The easy guide to HDMI and HDMI cables

HDMI is the acronym for High Definition Multimedia Interface. It is actually a description of what the HDMI cable is used for. The cable provides the interface for high speed transmission of audio and video. The cable is used with audiovisual equipment such as HD televisions and Blu-ray DVD players. It looks similar to a USB cable, except for the fact that 19 individual wires are wrapped inside it.

HDMI cables are capable of transmitting 10.2 gigabytes per second. This is twice the normal bandwidth necessary for transmission of audio and video signals. HDMI is the only one mode which provides clean and uncompressed digital information. The other methods are analog.

What makes HDMI special?

Analog signal transmission picks up digital data from a source and transmits it after converting it to analog data which is again converted to digital, before being displayed on screen. This triple conversion of the data causes it to break and the resultant final display of audiovisual signals is not clean. The HDMI cable keeps the original digital signal intact and eliminates the need for conversion. It gives you the clearest, sharpest images and audio.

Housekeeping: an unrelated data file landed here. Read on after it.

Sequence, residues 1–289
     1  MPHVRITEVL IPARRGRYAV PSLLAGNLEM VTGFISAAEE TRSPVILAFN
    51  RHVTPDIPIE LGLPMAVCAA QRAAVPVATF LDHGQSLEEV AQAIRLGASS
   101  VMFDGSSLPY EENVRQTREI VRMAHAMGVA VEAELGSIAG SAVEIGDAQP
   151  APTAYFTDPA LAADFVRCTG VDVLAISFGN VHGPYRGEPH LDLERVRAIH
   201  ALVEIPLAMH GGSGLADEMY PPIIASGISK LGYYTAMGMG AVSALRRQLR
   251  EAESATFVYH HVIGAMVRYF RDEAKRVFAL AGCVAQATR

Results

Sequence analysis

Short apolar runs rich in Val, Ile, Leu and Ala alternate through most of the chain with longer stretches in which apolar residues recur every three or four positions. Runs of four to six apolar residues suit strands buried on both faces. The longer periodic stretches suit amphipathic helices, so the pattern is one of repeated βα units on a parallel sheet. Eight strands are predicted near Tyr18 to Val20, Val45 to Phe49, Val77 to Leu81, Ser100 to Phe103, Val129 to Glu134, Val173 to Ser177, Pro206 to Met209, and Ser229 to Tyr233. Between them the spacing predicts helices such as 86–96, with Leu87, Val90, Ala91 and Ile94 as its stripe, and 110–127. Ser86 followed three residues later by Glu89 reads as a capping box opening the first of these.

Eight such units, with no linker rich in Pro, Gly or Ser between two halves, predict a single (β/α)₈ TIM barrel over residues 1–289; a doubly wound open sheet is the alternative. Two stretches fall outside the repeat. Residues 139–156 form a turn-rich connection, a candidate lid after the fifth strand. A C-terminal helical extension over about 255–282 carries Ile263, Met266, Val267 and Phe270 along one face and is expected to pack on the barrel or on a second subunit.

HDMI cables are available in different versions such as HDMI 1.0, HDMI 1.1, HDMI 1.2, HDMI 1.2a, HDMI 1.3 and HDMI 1.4 etc. They all look identical and have the same connectors. Each newer version can accommodate data transmission of the lower levels. This means that you will not go wrong if you buy the HDMI cable of the latest version. All your equipment will work well, no matter what version of the HDMI cable you use.

Any older audio/video equipment you have will work together with any newer equipment regardless of the HDMI cable version you use.

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